Radiocarbon dating

Radiocarbon dating was first used in 1940. Beginning in 1954, metrologists established 1950 as the origin year for the BP scale for use with radiocarbon dating, using a 1950-based reference sample of oxalic acid. According to scientist A. Currie Lloyd:{{bquote|The problem was tackled by the international radiocarbon community in the late 1950s, in cooperation with the U.S. National Bureau of Standards. A large quantity of contemporary oxalic acid dihydrate was prepared as NBS Standard Reference Material (SRM) 4990B. Its 14C concentration was about 5% above what was believed to be the natural level, so the standard for radiocarbon dating was defined as 0.95 times the 14C concentration of this material, adjusted to a 13C reference value of −19 per mil (PDB). This value is defined as "modern carbon" referenced to AD 1950. Radiocarbon measurements are compared to this modern carbon value, and expressed as "fraction of modern" (fM). "Radiocarbon ages" are calculated from fM using the exponential decay relation and the "Libby half-life" 5568 a. The ages are expressed in years before present (BP) where "present" is defined as AD 1950.JOURNAL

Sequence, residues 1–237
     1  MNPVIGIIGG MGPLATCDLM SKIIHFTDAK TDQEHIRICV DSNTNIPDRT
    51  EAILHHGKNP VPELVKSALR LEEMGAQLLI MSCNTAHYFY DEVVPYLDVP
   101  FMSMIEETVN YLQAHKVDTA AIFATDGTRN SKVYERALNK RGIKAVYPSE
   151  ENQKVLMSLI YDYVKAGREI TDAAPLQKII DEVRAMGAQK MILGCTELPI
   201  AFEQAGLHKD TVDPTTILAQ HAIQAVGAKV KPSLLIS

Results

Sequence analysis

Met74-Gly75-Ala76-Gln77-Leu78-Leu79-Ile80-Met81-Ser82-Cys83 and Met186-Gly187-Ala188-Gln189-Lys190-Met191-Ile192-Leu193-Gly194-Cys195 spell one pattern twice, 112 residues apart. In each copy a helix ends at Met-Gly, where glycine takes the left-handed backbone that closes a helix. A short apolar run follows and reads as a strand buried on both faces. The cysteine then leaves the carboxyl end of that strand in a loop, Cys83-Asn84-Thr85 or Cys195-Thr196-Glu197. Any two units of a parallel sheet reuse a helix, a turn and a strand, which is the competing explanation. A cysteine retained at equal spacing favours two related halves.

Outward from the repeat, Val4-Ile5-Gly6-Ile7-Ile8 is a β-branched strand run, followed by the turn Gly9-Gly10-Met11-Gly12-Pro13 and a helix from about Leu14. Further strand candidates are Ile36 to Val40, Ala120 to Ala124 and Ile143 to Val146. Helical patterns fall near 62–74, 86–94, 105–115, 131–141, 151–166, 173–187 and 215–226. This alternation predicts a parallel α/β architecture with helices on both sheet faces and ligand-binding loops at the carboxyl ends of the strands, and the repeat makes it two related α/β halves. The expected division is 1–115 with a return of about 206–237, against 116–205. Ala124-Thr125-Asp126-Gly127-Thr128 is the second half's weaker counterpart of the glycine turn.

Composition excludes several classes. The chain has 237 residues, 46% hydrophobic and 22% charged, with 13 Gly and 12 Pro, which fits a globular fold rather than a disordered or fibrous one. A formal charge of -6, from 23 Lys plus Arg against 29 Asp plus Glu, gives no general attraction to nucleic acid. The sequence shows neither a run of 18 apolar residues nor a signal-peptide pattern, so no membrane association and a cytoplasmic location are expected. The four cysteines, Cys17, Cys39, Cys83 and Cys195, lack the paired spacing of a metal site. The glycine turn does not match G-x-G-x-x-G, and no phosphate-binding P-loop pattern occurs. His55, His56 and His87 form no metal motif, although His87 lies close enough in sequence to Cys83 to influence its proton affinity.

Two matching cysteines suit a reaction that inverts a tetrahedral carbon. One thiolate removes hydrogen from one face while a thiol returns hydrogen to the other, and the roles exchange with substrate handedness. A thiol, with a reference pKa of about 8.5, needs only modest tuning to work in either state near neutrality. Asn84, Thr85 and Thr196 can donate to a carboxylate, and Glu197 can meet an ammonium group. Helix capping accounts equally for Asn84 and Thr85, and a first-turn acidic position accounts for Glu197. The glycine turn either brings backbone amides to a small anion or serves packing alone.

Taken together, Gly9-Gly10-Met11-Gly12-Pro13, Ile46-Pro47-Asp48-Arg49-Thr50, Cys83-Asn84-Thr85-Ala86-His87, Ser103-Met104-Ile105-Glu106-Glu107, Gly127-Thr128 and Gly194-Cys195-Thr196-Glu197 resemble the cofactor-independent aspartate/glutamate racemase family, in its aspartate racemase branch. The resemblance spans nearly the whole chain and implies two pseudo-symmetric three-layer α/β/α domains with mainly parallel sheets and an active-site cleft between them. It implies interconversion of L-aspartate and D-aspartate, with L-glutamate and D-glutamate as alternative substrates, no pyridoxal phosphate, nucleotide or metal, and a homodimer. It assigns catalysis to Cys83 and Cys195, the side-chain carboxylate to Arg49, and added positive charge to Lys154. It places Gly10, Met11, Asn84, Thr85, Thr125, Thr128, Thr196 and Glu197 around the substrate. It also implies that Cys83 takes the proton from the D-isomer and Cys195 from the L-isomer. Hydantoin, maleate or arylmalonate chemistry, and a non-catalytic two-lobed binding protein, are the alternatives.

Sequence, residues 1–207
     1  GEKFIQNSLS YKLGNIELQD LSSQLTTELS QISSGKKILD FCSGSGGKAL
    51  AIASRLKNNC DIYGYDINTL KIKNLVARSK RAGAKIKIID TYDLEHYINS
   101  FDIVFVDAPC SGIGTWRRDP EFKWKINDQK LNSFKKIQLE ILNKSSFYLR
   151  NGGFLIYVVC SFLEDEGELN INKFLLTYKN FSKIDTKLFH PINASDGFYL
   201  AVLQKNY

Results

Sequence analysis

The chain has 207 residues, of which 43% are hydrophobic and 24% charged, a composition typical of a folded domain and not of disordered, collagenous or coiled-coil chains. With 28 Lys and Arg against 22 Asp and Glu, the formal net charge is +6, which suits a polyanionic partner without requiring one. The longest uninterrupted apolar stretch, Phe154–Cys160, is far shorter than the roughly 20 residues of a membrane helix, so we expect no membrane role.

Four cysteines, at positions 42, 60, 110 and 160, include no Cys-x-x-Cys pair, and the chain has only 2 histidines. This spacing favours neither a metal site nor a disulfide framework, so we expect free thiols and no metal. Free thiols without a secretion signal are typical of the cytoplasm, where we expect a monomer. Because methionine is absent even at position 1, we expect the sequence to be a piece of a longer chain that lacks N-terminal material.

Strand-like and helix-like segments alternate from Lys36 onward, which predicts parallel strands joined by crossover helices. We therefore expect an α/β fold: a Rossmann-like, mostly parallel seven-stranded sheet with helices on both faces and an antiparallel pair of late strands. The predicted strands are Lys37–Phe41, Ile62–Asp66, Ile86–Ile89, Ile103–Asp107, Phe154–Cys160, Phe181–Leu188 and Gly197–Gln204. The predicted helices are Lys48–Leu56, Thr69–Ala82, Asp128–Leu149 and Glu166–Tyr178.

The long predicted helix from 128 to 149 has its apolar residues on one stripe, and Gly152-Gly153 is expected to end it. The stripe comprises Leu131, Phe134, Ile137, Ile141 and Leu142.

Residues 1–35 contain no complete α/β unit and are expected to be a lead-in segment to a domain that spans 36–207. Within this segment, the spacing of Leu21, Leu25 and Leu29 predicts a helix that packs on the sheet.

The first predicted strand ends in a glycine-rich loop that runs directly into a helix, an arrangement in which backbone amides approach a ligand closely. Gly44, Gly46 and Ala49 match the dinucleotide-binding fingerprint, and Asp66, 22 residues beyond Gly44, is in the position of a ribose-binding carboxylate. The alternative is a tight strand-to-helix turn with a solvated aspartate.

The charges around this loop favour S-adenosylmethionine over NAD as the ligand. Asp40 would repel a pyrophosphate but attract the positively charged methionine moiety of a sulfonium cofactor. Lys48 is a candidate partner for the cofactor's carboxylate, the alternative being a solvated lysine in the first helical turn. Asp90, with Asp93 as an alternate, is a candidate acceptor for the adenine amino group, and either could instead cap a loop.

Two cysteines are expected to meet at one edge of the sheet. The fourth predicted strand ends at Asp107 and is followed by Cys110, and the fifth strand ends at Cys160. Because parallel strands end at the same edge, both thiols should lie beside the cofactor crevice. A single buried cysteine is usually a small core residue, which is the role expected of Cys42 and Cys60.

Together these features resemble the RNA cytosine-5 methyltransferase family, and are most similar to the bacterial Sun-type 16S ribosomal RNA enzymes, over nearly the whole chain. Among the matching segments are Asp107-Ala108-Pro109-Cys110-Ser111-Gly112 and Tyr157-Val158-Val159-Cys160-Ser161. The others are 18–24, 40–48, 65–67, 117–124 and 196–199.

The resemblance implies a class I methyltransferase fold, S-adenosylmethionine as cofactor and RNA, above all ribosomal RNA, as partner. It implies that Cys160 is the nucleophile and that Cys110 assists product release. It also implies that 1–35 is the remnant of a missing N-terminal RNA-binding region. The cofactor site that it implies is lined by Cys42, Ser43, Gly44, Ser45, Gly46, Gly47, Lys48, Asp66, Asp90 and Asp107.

,weblink
, PDF
, Currie Lloyd A
, The Remarkable Metrological History of Radiocarbon Dating [II]
, Journal of Research of the National Institute of Standards and Technology
, 109
, 185–217
, 2004
, 10.6028/jres.109.013
, 2007-07-25
,weblink" title="web.archive.org/web/20101206195414weblink">weblink
, 2010-12-06
, dead
, }}
The year 1950 was chosen because it was the standard astronomical epoch at that time. It also marked the publication of the first radiocarbon dates in December 1949,JOURNAL
, Arnold JR, Libby WF
, Age determinations by radiocarbon content: Checks with samples of known age
, Science
, 109
, 2827
, 1949-03-04